Jeff has a “Dos Equis” Honda that’s been in his fleet for seven years. But as you’ll see below, it’s no longer his favorite way in which to pay tribute to The Gorilla Who Knew Too Much.
(If you have a bike that you’d like to see featured here, send it to firstname.lastname@example.org.)
This is the Kawasaki ZX-10RR Ninja. It’s basically a way to homologate a more aggressive engine top-end for literbike racing; as a roadgoing proposition it’s unlikely to be significantly different from the new-for-2016 ZX-10R. The reason I’m featuring it today: Kawasaki’s brilliant idea to deliver the bike in “Winter Testing Livery”. It’s a production paintjob that pays tribute to the plain-black bikes used before a team announces its sponsors for the season. There’s a snowflake on the cowl. All of this is brilliant because not even an insane person would ride a 197-horsepower ZX-10RR in anything resembling snow.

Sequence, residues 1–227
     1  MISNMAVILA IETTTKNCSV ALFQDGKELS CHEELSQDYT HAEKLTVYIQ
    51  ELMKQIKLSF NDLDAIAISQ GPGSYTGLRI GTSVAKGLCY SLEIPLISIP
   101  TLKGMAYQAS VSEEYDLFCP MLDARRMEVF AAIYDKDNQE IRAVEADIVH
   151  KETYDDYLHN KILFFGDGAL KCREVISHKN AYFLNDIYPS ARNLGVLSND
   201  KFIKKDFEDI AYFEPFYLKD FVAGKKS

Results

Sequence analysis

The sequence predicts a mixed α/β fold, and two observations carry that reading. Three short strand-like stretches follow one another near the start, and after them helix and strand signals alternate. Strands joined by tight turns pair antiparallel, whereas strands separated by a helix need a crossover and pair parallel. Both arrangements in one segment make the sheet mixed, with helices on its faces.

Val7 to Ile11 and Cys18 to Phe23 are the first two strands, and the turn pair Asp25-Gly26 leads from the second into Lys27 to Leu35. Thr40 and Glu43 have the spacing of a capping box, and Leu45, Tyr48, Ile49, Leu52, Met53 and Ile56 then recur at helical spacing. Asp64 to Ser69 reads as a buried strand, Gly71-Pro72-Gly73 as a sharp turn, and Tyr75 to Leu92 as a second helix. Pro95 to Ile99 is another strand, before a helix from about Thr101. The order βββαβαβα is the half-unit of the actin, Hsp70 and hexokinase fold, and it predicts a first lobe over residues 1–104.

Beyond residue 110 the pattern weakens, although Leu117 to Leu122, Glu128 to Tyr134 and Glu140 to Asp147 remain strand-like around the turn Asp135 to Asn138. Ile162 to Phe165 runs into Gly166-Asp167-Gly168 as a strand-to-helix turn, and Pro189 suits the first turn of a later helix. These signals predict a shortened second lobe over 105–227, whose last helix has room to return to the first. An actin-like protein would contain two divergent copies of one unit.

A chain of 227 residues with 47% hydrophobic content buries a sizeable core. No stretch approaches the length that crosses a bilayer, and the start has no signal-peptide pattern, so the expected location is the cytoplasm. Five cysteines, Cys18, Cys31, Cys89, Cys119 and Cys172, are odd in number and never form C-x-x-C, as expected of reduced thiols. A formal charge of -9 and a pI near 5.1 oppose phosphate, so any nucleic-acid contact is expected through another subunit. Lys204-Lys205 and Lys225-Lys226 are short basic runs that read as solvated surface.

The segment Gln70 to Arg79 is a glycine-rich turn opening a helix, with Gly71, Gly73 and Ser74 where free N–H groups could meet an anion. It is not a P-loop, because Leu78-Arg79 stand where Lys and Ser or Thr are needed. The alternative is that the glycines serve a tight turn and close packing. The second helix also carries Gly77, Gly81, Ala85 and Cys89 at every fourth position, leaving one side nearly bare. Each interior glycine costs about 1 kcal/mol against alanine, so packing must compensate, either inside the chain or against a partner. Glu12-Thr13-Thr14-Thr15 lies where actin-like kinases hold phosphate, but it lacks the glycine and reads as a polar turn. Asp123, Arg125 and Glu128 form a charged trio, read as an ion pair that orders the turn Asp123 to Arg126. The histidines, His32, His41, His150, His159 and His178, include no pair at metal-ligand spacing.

I wouldn’t trade my ZX-14R for it — not sure I would trade my ZX-14R for anything, actually — but if I had enough money to put multiple big Ninjas in my garage you can bet that I’d give the snowflake-mobile a chance. Enjoy your weekend, everybody; the Weekly Roundup will appear tonight.
I’ve long since come to terms with the idea that my participation in, or excitement about, something is basically the opposite of celebrity endorsement. BMX was doing great until I got my Beginner license. The same is true for my NASA region, which saw entries in the PTE class go from 15-20 to 4-6 after I started. To be fair, the 2008 market collapse might have been peripherally involved. But anyway. After a picture of me wearing my horsehide Captain America jacket went viral everywhere from Reddit’s Feminism channel to the Daily Mail, Hillside put the ready-to-wear version of said jacket on clearance.
Which is why I am just a little bit excited to announce that I have saved a motorcycle from extinction. When I bought my discontinued 2014 Honda CB1100 Standard, and two of my readers followed suit, I had no idea that the three of us would triple-handedly convince Honda to bring the motorcycle back to the United States. But as you’ll see, they’re still keeping the good stuff at home. Meanwhile, Team Green has decided to make a very strong argument for me to sell the CB…